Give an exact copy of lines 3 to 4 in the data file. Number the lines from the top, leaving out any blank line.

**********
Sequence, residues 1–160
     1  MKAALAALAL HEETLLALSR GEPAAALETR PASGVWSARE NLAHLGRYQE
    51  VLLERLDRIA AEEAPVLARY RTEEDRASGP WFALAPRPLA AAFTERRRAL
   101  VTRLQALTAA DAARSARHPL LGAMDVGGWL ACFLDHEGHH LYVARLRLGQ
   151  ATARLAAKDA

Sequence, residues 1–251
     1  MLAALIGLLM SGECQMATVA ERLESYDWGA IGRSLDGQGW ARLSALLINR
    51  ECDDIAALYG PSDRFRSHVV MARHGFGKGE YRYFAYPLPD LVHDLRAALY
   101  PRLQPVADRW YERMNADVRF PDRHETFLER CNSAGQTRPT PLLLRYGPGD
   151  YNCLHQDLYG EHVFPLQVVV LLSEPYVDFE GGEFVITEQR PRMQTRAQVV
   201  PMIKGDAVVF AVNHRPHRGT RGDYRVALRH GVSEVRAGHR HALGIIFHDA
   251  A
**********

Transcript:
    51  VLLERLDRIA AEEAPVLARY RTEEDRASGP WFALAPRPLA AAFTERRRAL
   101  VTRLQALTAA DAARSARHPL LGAMDVGGWL ACFLDHEGHH LYVARLRLGQ